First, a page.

“The path was always overgrown, in the summer, in the spring,” my aunt almost sung. “We hung a sickle on a hook by the stile at the edge of the woods, and you’d take it with you when you walked your way along the way, and you would hack away at the brambles and the branches that got in your way, and you’d leave it at the other end of the path when you’d gone all the way through, so that someone else could use it when they went back the other way.

“I don’t know if I was the only one who walked the path or the only one that had the good grace to keep the path, but the sickle was always there waiting for me, in the morning, in the evening, in the lateness of the night if I’d been out. But I was a big girl even then. Especially then,” she laughed. “All that lifting at the warehouse did wonderful things for your arms. I wielded that sickle like a bloody scythe.

“A stream ran through the woods, winding back and forth across the path so that I had to cross three bridges. And on my way home one day I met the devil on every one.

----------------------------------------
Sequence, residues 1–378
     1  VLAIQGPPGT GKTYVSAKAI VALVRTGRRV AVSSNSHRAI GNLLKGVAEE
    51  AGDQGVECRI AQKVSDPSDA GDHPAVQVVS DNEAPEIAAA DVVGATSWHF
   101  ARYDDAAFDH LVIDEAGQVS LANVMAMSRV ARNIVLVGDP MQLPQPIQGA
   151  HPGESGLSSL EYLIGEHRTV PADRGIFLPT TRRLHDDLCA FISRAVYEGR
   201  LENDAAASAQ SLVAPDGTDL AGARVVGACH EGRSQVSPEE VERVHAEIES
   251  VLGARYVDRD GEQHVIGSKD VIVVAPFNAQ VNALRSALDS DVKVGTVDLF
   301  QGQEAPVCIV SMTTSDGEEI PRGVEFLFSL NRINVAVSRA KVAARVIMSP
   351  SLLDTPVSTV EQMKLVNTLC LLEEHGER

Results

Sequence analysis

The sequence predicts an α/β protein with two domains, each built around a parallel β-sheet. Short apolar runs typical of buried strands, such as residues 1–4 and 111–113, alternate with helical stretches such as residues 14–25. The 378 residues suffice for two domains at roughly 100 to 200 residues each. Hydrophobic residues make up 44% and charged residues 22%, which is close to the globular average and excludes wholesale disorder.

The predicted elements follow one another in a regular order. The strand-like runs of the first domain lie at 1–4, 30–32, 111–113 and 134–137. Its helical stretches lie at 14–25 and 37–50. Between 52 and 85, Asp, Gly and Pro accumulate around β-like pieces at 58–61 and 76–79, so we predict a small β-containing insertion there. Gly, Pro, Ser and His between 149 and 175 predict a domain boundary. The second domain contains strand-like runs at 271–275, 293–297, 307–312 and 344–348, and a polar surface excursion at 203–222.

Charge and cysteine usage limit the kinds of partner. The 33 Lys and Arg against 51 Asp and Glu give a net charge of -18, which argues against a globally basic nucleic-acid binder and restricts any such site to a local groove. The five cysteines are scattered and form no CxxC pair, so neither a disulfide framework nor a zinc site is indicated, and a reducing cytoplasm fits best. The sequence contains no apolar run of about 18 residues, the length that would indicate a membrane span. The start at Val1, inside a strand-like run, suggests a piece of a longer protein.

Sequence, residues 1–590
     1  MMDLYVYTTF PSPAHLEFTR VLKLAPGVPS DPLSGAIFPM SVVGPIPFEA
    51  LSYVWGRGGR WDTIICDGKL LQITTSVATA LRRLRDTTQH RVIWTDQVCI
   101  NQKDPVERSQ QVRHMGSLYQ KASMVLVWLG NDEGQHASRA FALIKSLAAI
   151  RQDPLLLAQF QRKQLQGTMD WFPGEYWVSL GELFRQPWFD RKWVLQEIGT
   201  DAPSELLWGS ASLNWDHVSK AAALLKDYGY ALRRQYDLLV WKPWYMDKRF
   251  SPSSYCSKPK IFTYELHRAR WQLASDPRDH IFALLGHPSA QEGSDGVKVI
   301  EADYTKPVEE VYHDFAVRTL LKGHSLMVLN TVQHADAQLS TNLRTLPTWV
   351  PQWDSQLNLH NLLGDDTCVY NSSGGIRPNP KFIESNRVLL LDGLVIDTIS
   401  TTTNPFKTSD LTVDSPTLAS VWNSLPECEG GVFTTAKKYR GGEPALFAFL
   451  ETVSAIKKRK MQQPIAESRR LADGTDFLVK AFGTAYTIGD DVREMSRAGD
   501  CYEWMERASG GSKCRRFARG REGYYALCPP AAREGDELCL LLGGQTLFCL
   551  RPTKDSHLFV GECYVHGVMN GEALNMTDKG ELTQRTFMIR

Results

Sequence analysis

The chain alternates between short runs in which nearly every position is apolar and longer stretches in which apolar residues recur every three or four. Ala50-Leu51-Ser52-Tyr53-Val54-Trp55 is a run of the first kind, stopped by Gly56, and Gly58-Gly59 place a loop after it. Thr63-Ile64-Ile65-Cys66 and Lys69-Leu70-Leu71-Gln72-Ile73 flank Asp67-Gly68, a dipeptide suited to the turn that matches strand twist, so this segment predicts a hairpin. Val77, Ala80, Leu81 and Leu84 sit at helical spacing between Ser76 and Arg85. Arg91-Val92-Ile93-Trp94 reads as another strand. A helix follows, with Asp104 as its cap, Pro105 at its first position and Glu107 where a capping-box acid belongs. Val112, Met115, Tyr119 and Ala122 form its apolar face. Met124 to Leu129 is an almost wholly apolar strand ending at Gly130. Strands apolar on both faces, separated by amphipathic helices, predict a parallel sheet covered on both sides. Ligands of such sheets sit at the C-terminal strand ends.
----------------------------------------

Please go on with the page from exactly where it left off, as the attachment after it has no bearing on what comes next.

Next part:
“At the first bridge he looked at me and said, ‘Let me have a kiss, and only then will I let you pass.’ And so I gave the devil a kiss and I crossed the river and continued on my way.

“At the second one he was there again. ‘Let me…’ Well,” my aunt laughed, “‘Let us,’ he said, ‘let’s fuck, and then and only then will I let you continue on your way.’ So I stood against the tree and let the devil have his way. And a very good way it was, I’ll have you know. A very good way indeed,” my aunt laughed.

And my sister blushed and so I expect did I.